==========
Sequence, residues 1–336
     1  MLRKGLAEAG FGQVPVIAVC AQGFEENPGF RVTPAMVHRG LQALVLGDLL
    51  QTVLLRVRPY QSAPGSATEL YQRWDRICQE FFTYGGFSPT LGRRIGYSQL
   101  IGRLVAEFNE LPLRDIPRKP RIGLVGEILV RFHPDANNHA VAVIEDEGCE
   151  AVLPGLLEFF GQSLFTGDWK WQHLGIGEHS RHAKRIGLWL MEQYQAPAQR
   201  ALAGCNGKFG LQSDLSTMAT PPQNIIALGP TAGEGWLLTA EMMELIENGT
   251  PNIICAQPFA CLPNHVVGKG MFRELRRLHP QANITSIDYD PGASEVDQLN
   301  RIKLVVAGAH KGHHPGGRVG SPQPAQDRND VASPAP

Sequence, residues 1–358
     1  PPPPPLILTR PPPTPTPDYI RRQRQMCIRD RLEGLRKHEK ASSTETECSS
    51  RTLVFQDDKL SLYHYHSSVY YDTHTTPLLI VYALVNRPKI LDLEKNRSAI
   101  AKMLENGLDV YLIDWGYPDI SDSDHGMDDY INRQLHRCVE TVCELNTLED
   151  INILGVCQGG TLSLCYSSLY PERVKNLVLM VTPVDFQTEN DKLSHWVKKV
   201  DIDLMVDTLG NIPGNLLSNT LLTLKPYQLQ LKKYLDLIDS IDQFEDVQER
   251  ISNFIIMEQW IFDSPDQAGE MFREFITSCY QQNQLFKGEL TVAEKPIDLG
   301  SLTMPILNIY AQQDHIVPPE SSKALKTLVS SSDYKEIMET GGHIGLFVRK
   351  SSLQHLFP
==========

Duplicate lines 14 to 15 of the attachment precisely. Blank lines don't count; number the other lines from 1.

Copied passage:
   201  DIDLMVDTLG NIPGNLLSNT LLTLKPYQLQ LKKYLDLIDS IDQFEDVQER
   251  ISNFIIMEQW IFDSPDQAGE MFREFITSCY QQNQLFKGEL TVAEKPIDLG